The Yemeni conflict is fast evolving from a Houthi insurgency against the Abdullah Salah regime in Sanaa to a broad regional conflagration drawing in Saudi Arabia and Egypt as major players and increasingly the United States, whose involvement is building up into a direct confrontation with the rebels' sponsor, Iran.
Military and intelligence sources report that over the weekend, the Aegis class cruiser USS Chosin was designated the flagship of Combined Task Force 151 which is patrolling the Gulf of Aden and Red Sea.
Responding to this signal, Iran's navy commander Adm. Habibollah Sayyari announced Monday, Nov. 23, that Ghadir-class submarines would be joining the four Iranian warships already in position opposite the Yemeni coast. He did not say how many subs were to be deployed.
Our military experts describe the Ghadir as a midget submarine which Tehran claims is silent enough to elude the most advanced US radar. This is the first time those miniature craft will be deployed outside the Persian Gulf and in direct action against the US navy, as well as against Saudi naval craft. Both are blockading Yemeni ports against Iranian arms deliveries to the Yemeni rebels.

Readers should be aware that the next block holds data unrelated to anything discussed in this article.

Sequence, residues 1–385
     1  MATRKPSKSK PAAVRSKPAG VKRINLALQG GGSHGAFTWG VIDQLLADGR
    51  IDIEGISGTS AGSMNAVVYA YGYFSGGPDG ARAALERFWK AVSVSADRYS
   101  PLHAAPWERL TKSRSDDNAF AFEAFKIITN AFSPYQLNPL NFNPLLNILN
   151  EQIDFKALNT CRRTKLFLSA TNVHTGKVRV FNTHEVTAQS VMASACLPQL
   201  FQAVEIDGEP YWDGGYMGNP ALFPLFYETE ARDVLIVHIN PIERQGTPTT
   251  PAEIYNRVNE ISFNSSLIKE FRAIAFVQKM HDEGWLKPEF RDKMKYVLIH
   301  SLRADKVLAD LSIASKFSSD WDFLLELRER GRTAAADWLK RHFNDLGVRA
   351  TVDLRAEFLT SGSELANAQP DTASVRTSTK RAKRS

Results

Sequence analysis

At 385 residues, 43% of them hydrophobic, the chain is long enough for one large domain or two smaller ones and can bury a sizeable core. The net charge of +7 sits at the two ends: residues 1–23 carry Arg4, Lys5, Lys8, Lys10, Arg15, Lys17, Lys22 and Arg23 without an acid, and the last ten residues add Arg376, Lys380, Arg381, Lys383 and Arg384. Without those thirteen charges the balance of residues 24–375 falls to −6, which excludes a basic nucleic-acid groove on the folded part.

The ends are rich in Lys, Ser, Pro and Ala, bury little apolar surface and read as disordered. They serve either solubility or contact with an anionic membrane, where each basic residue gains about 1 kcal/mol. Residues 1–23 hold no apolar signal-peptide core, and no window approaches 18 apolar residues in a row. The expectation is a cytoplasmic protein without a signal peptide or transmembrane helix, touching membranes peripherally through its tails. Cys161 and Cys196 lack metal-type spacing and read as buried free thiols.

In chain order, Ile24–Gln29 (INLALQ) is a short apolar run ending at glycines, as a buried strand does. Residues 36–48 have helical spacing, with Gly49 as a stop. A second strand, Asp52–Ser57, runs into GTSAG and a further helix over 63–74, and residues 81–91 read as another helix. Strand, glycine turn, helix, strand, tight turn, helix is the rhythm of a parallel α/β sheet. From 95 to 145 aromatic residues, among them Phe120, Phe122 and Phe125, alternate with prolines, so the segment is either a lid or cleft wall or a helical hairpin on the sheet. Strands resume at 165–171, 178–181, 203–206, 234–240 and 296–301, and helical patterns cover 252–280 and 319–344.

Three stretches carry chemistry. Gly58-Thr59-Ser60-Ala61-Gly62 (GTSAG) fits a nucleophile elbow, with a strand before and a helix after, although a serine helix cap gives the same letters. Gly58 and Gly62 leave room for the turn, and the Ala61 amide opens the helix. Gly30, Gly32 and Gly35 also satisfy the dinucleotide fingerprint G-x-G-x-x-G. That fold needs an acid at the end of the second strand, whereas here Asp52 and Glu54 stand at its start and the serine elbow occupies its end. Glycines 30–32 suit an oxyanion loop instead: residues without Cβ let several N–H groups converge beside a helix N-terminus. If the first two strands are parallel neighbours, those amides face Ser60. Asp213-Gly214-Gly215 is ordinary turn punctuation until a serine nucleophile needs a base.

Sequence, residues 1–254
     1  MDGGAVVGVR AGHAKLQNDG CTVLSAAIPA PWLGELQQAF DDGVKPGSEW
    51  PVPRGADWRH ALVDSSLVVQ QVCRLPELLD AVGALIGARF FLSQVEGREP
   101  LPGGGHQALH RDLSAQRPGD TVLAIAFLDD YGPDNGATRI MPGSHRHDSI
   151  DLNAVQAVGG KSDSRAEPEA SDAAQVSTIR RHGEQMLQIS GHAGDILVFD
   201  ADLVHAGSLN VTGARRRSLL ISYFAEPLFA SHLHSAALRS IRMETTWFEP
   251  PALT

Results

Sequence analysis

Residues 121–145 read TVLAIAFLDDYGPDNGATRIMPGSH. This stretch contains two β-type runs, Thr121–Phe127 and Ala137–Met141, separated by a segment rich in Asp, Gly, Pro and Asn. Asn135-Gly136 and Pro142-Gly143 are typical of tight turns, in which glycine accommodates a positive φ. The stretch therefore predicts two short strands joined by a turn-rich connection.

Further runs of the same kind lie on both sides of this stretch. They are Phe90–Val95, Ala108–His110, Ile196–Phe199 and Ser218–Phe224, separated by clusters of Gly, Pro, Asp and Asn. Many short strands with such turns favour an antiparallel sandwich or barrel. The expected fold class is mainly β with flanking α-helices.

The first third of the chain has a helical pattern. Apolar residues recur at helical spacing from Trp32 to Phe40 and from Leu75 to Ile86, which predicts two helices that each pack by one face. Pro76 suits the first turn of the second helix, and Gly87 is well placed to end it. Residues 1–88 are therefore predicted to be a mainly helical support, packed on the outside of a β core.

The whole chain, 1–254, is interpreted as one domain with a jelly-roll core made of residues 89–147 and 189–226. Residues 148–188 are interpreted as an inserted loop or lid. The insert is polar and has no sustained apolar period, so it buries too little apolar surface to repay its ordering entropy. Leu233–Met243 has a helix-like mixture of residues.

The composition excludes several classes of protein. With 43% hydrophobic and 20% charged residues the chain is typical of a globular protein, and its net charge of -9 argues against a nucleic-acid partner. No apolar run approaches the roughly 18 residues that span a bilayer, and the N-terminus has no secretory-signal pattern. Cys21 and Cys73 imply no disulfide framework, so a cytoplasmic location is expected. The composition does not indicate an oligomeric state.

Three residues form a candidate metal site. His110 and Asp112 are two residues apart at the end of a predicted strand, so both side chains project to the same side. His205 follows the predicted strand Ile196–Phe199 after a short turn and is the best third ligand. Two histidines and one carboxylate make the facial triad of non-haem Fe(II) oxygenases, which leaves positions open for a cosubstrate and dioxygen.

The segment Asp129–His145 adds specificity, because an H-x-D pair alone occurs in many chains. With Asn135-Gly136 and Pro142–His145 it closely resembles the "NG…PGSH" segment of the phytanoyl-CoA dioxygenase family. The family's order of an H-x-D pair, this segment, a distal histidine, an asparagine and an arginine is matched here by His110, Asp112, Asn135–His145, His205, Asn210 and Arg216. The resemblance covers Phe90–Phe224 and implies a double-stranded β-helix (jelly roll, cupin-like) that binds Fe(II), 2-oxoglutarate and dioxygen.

US and Israeli naval experts are watching out with great interest for the Iranian midget submarines, which make up the first line of Iran's coastal defenses and will be making their first operational appearance in foreign waters.
The US and Iran depict the naval buildup in the Red Sea as part of their anti-piracy mission, but our military sources stress that Tehran is determined to bring its arms sealift safely to Yemen's Red Sea shore for delivery to the Houthi insurgents, while the Americans are equally resolved to help the Saudi navy keep them out.
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